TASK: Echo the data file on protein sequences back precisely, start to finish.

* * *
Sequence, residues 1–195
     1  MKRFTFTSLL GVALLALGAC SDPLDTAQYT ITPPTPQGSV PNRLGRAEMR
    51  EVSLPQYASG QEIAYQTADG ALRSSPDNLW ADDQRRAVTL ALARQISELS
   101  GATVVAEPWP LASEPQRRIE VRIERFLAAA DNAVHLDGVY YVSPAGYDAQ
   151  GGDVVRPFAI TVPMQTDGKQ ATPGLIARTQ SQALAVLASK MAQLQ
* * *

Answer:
Sequence, residues 1–195
     1  MKRFTFTSLL GVALLALGAC SDPLDTAQYT ITPPTPQGSV PNRLGRAEMR
    51  EVSLPQYASG QEIAYQTADG ALRSSPDNLW ADDQRRAVTL ALARQISELS
   101  GATVVAEPWP LASEPQRRIE VRIERFLAAA DNAVHLDGVY YVSPAGYDAQ
   151  GGDVVRPFAI TVPMQTDGKQ ATPGLIARTQ SQALAVLASK MAQLQ